One precondition for the elaboration of a party able to exercise a leading role in the transition to working-class rule is the abandonment of the idea that the existing social relations of production can be changed through a change in consciousness, or even voting, alone.

Political power does not rest on ideas alone. It resides, of course, in habits, in the social relations of power exercised by bosses, bureaucrats, banks, building societies and landlords and, most particularly, in the state. A recognition that the working class must both challenge the ruling ideas in society as well as develop the means to challenge to the practical exercise of state power is a mark of political maturity.

What is traditionally characterised as “the battle of ideas” is more than that. We make our own history but under the given conditions of the era. This is why the “collective intellectual” that is the party pays attention to both history and to the specific conditions in which we presently live. Capitalism in general, and British capitalism in particular, is our object of study. But we study it in order to negate it.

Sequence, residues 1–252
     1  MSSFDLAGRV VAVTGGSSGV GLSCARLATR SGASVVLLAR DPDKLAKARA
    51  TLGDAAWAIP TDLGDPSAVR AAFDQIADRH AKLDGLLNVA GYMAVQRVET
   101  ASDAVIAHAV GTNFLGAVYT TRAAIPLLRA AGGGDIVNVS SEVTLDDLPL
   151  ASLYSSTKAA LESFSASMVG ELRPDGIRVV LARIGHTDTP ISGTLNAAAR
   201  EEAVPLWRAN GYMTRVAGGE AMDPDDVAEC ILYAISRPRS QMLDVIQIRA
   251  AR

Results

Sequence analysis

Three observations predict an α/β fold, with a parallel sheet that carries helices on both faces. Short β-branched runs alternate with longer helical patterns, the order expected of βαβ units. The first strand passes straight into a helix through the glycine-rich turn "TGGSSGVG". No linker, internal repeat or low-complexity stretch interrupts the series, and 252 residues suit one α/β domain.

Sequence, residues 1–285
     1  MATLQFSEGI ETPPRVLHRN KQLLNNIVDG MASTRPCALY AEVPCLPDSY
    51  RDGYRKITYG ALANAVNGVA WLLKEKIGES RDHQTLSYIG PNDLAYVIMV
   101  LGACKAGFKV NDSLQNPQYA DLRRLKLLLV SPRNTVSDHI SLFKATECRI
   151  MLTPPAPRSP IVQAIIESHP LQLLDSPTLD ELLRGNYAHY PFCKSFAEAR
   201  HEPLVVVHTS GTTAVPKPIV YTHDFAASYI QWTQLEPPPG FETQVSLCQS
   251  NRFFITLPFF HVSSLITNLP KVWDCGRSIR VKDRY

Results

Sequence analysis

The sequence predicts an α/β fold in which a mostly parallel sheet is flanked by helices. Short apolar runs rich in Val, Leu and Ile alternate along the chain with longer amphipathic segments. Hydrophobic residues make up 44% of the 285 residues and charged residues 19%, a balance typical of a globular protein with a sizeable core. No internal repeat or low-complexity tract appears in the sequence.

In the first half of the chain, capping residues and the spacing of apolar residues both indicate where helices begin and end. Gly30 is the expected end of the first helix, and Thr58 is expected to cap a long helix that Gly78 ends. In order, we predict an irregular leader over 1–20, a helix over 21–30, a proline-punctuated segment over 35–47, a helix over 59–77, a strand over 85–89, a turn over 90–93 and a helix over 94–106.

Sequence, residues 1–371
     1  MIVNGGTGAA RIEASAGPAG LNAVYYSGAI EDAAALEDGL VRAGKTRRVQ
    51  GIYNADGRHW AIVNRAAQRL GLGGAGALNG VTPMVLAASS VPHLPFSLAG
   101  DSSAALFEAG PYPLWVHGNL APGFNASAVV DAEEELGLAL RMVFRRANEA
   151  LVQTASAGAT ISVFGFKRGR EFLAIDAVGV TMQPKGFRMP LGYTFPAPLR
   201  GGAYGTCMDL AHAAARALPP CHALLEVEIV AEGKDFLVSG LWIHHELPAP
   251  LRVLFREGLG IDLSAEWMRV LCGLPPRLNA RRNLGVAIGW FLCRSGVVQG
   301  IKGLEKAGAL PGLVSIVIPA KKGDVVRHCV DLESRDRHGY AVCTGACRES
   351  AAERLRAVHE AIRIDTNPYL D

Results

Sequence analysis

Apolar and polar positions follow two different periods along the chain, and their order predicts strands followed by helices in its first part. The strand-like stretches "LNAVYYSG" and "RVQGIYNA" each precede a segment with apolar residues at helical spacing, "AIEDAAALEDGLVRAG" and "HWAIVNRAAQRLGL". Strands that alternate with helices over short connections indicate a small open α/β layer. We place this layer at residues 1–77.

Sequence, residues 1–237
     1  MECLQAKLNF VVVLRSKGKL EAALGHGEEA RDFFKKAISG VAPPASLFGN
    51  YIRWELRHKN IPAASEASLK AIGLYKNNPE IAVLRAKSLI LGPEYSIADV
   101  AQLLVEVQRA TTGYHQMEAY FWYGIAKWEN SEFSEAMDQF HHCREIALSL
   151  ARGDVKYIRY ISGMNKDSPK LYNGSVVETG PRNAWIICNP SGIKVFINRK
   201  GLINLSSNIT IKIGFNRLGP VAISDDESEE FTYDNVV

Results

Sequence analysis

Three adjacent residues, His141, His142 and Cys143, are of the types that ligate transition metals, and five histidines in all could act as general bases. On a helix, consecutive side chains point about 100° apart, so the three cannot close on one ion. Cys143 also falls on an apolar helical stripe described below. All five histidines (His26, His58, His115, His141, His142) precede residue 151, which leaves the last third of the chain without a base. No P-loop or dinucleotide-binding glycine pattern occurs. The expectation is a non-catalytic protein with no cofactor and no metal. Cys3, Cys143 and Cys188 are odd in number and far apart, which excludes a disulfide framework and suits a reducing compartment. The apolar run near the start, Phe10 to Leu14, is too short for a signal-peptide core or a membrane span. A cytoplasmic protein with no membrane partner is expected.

This notion of collective intellectual endeavour is a fusion of our contested national culture — in which the elements of scientific thinking, philosophical materialism, rational thought and productive cultural activity are generalised beyond the professional intellectuals who constitute authority — to the creative activity of the working masses.

Embedded in the vast array of newly energised working-class organisations, in every workplace and community new ideas are mobilising millions of people on the basis of the fight to defend their class interests.

These struggles produce new leaders and thinkers at every level — and these “organic intellectuals” give expression to, and help generate, new and deeper levels of organisation and consciousness.

To the extent that a party is embedded in these processes and among these people, to that extent it can be the “total intellectual” that the revolutionary transition from capitalism to socialism requires.